Last season on Elevator Pitch, brothers Jordan and Ian Kay wowed the judges with a high-energy pitch for their product, Rally Flip Cap, a double-billed hat with a flip-up feature that reveals a hidden logo or handwritten message. (Watch their pitch here.) We caught up with the dynamic duo to get their tips for pitching and fundraising, and to find out if America is, you know, flipping out for their hats.
How did the idea for Rally Flip Cap come about?
Jordan: In 2010, I was at a Dodger game when I had my “aha moment.” I noticed people were turning their hats inside out, wearing them to strike up a rally and cheer on their team. I love wearing hats and didn’t want to crease or mess up my hat. I said, “There has to be a better way,” and that’s how the concept came to fruition.
Is this your first product?
Ian: No. Since 2009 we’ve been working with our family business, Cisco Sales Corp., a product development and sourcing company. For over 41 years, our dad made products for other people.
Jordan: We have brought to market other items in-house such as the Digi-Piggy, a digital coin counting bank, and the 123 Miracle Sharpener, a 3-stage manual knife sharpener. Both of these items were design patented. The Rally Flip Cap has a utility patent.
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Tell us your biggest challenge selling this product.
Ian: Educating people about the option to flip up the top bill. Because our hat is the first of its kind, teaching people a new habit of separating the bills proved challenging.
How did you overcome it?
Ian: We had to create the demand and show how useful our product is with the added value it brings. We documented our journey on @rallyflipcap social media accounts.
Jordan: We always told ourselves, “If no one knows about us, no one will care.” We promoted Rally Flip Cap, exhibited at trade shows and wear them pretty much everywhere we go.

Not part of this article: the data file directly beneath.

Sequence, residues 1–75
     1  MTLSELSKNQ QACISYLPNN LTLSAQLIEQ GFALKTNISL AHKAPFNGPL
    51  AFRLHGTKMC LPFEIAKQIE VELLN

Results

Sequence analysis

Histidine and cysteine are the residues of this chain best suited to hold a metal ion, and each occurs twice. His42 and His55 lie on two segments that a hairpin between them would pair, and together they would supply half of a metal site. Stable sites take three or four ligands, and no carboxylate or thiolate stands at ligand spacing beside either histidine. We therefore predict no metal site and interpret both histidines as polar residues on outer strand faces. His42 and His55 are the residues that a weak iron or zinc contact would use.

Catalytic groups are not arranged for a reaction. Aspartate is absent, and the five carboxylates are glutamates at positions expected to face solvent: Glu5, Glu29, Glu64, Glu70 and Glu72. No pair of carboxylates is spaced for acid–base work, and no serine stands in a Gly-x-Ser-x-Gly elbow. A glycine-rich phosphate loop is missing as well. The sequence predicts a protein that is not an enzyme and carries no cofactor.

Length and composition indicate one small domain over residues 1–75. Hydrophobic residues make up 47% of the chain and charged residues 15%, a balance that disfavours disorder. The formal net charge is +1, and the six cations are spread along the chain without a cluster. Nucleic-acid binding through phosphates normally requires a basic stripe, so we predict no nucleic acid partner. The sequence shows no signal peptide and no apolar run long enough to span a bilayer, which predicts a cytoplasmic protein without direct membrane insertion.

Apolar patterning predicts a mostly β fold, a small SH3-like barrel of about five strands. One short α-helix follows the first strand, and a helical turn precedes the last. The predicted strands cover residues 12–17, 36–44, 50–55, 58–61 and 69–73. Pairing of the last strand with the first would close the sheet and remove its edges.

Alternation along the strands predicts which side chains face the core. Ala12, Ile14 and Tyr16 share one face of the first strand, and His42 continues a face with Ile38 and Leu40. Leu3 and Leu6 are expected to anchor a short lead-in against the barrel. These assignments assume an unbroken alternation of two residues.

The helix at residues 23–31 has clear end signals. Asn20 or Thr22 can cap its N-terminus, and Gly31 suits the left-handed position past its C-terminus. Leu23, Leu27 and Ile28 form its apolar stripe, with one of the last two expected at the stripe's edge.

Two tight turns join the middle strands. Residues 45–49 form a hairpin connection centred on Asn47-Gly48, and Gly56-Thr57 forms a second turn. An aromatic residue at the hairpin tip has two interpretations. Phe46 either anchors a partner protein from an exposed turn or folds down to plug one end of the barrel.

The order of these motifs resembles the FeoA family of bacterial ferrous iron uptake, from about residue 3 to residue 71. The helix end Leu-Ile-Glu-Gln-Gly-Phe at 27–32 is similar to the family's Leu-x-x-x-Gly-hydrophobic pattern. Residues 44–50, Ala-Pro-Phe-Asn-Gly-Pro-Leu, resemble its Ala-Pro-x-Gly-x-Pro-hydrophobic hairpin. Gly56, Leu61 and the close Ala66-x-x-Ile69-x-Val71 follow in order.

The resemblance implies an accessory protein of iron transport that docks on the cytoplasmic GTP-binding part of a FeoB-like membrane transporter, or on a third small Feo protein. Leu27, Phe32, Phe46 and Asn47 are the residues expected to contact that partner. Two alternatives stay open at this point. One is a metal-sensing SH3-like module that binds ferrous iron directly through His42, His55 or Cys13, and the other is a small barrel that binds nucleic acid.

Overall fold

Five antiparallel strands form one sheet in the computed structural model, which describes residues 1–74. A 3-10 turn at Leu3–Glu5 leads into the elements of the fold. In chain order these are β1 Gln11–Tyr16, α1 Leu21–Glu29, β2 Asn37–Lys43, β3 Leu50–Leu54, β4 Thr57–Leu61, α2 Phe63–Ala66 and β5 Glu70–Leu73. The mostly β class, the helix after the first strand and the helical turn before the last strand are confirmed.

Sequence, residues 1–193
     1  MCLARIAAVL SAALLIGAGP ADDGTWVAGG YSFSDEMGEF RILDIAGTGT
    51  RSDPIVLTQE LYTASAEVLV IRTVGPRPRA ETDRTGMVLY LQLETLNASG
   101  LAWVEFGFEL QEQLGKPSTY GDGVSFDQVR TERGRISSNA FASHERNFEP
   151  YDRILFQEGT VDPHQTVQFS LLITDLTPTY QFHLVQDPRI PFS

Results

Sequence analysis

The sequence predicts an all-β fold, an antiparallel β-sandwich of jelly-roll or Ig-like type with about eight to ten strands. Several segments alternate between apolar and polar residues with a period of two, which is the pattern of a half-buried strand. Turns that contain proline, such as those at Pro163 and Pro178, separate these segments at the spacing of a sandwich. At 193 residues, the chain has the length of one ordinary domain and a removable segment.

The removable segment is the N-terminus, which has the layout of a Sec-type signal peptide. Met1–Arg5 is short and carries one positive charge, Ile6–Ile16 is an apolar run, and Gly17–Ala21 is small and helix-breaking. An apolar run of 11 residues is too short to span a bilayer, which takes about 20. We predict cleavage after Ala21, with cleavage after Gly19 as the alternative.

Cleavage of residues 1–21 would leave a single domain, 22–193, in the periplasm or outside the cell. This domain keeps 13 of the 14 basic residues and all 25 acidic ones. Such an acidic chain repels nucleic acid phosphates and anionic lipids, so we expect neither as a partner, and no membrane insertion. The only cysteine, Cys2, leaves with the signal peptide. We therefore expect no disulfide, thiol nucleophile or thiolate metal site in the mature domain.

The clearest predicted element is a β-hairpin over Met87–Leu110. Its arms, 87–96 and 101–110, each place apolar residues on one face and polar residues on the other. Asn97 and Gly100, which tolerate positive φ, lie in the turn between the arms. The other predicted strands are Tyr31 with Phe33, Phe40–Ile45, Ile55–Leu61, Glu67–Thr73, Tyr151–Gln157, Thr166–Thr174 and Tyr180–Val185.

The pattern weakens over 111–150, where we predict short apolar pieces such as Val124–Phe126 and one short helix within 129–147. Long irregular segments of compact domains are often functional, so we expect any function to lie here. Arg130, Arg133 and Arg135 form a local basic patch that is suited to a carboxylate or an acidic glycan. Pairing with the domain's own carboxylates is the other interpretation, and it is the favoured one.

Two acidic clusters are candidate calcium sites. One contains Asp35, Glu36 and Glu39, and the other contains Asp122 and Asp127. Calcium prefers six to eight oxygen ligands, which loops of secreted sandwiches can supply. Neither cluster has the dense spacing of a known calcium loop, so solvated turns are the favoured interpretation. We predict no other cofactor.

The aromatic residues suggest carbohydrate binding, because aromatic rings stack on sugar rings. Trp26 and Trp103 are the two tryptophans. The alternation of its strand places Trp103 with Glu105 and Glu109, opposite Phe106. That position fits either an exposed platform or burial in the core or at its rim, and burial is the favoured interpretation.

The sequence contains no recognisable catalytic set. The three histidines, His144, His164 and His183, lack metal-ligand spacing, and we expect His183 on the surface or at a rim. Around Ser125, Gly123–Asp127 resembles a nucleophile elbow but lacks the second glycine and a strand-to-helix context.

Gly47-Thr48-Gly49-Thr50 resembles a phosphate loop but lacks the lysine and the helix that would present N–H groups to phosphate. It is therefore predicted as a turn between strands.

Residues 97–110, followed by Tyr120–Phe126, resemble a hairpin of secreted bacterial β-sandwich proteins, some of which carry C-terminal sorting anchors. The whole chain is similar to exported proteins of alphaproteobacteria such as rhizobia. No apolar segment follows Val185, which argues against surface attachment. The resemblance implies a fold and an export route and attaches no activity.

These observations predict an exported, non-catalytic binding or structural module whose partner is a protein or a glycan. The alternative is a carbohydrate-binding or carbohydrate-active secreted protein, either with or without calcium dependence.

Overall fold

Ian: If you don’t market yourself, nobody will.
How did you find funding?
Jordan: Cisco Sales Corp. invested into the research, development, molds, tooling and marketing. We’ve been bootstrapping.
Ian: Both of us invested sweat equity and personal savings into the venture and continue re-invest revenue back into building the brand.
What have you learned about pitching?
Ian: Failing to prepare is preparing to fail.It’s important to practice and refine your pitch.
Jordan: Always make sure you have eye contact with whomever you are pitching to, even if it’s into a camera.
Ian: When you truly believe in what you are doing, you will come off as more genuine.
Can you please give us a couple of dos and don’ts for pitching?
Jordan:Don’t wing it.Practice your pitch in public and get outside your comfort zone.
Ian: Get feedback from family members, friends — and strangers. Focus on pitching the value of your product or service. Be authentic and confident in whatever you are promoting.
What keeps you motivated during tough times?
Jordan: We respect and love the game of entrepreneurship.
Ian: We’re grateful to be alive and motivated by taking action.
Jordan: We enjoy speaking our truth while being ourselves. We will continue to inspire and help people to accept adversity by taking the challenges of life head-on.
Ian: We enjoy the process of building and learning, and believe in the power of positive thoughts manifesting. We continue to find creative ways to solve and prevent problems; however, without problems there is no business.
Final piece of advice for anyone out there who has an idea but hasn’t gotten it off the ground yet?
Jordan:If you don’t care about your idea or service, no one will. Share your ideas openly with others and be able to take constructive criticism.
Ian: Be aware of your strengths or skill sets. It’s never too late to start something. Go into the experience knowing that you will have setbacks and failures, which are stepping stones to success. It’s better to try and fail than it is to have never tried at all.